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Why Does Realtor Experience Matter So Much?

Updated: Apr 3

Why is experience so important when choosing an agent, and how can a consumer be sure they are selecting an agent with adequate experience to assist them?

Both my parents told me you want to find a doctor who isn’t so old; they aren’t familiar with the new technologies -- but not so young that they haven’t had enough experience! What’s especially funny about this is that my parents have been divorced for 45 years and have probably had two conversations at chance meetings in Greek restaurants in Chicago in the last 20 years. 

I’m entertained by ideas like this and other nuggets about life that I didn’t realize when I was younger. I like to think about this concept almost like the life cycle of a career.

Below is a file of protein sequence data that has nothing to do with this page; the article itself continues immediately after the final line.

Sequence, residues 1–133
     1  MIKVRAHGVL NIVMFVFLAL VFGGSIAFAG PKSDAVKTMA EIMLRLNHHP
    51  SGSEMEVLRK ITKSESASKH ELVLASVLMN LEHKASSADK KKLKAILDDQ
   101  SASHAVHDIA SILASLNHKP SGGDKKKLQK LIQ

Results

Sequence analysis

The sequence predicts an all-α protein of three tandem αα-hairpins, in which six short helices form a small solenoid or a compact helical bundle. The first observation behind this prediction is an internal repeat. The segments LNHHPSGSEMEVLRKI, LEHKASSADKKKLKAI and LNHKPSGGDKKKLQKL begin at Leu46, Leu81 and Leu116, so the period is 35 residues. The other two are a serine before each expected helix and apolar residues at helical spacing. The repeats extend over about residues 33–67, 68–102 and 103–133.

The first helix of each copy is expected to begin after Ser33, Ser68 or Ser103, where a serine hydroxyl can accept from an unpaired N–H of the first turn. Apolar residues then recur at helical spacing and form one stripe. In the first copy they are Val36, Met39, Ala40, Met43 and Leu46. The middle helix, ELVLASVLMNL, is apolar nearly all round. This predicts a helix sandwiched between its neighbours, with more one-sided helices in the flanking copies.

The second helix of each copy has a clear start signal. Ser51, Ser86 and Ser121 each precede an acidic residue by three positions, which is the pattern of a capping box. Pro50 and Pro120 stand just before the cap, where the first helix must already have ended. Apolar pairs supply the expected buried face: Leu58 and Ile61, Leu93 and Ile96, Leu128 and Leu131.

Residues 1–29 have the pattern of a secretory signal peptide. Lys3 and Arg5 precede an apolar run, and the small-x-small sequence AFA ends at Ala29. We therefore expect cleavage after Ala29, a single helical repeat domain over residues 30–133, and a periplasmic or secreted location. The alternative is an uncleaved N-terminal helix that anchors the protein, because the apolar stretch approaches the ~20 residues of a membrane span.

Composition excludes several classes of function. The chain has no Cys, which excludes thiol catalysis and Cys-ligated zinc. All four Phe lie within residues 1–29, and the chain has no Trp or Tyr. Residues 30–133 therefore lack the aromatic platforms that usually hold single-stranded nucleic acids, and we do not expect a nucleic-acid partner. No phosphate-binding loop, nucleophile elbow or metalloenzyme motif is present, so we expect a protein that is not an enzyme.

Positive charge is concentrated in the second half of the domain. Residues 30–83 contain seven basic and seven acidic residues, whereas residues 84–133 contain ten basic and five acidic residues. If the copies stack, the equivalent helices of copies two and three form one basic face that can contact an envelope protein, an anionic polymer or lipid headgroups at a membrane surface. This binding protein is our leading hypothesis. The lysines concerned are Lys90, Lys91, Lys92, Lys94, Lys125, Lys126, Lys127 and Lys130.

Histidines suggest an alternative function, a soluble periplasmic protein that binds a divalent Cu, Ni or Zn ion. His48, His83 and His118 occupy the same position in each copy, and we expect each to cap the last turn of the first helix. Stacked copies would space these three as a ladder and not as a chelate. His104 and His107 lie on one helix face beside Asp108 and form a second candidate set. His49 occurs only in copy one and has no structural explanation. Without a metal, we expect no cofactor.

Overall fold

In my 20s and 30s, I was going deep into the world of finance, trading, financial software, and risk management for securities portfolios. In my late 30s, I applied a love of operations and financial expertise to process and capacity planning in the corporate world, and then in my 40s, I applied all of this to a client-centric, white-glove real estate experience.

This life cycle of a career helps us build our skills in our younger years and apply them without thinking much about the mechanics as we hit that sweet spot of experience that my parents mentioned to me. 

How does experience impact real estate and the consumer getting the best experience possible?